Eric Decker is just about the same size as Thomas (6-3 and 218 pounds) and is only perhaps slightly slower, though he has a history of foot injuries and he also hurt his knee during the playoffs. It's easy to imagine these two wideouts jockeying back and forth on a weekly basis, racking up targets as opposing defenses keep shifting their focus, trying to figure out whom to stop first. I'm not going to put either of these guys in my top 10 fantasy WRs because of this high-risk situation. But at least until this roster undergoes further change, I'm putting Thomas inside my top 20 WRs and Decker inside my top 30. (As always, click here to see my Top 100 ranks for '12.) As for ancillary receiving weapons, I won't be surprised if the Broncos add more veterans to complicate matters (Dallas Clark, perhaps?). If they don't, incumbent second-year tight end Julius Thomas has immense athletic upside and could become a deep-league sleeper, and Matt Willis could be a candidate for slot duties.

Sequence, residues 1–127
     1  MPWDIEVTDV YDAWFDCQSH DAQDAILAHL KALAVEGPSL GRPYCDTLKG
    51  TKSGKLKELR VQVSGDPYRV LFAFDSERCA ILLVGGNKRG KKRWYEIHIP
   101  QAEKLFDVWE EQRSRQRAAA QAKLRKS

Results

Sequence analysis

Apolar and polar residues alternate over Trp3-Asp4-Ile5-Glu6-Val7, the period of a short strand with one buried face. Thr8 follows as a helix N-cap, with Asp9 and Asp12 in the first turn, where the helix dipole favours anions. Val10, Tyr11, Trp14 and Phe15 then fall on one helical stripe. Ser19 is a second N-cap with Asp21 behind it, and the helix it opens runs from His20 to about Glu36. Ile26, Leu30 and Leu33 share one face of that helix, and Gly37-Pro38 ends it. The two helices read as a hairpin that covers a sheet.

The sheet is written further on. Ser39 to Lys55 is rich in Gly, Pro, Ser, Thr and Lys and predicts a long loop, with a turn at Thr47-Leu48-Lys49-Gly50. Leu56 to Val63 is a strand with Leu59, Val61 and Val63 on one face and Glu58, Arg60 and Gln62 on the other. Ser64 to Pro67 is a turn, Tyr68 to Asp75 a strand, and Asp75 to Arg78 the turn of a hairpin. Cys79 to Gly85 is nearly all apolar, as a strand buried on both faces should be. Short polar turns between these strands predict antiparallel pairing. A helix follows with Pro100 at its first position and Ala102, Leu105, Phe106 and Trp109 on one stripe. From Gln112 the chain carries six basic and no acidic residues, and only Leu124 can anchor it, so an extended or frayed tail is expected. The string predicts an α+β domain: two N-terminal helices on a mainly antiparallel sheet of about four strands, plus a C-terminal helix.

4. The running game. These numbers are obviously skewed by Tebow's 122 rushing attempts, but overall the Broncos ran on 56 percent of their play calls last season, tops in the NFL. Completely remove Tebow's runs, and they still would've ranked fifth in the run-heaviness of their play calling. That's not going to stick. McGahee was a revelation in '11, showing life in his legs after a couple of down years in Baltimore, but he turns 31 in October and I can't imagine he has anything close to another 1,199-yard season ahead of him in '12. But don't sound the death knell for his fantasy value just yet. If McGahee can stay healthy, he's got a shot for significantly more goal-line work than he had last season during Tebowmania; remember, despite that resurgent year, McGahee scored only two red zone rushing TDs (and four rushing TDs overall), compared to six for Tebow. One thing you can be fairly certain of: Manning isn't taking too many QB sneaks in Denver. Knowshon Moreno could return from his torn ACL to fight for carries and receptions, though one gets a sense that the Broncos are tired of him. Lance Ball might be in the mix. And heck, it's within the realm of possibility that the team gears up for a big Manning-related run and trades for someone like Jonathan Stewart. But while there's a temptation to lower McGahee in my RB ranks simply because of this potential deal, I've resisted the urge to do so. He still sits at No. 24 for now.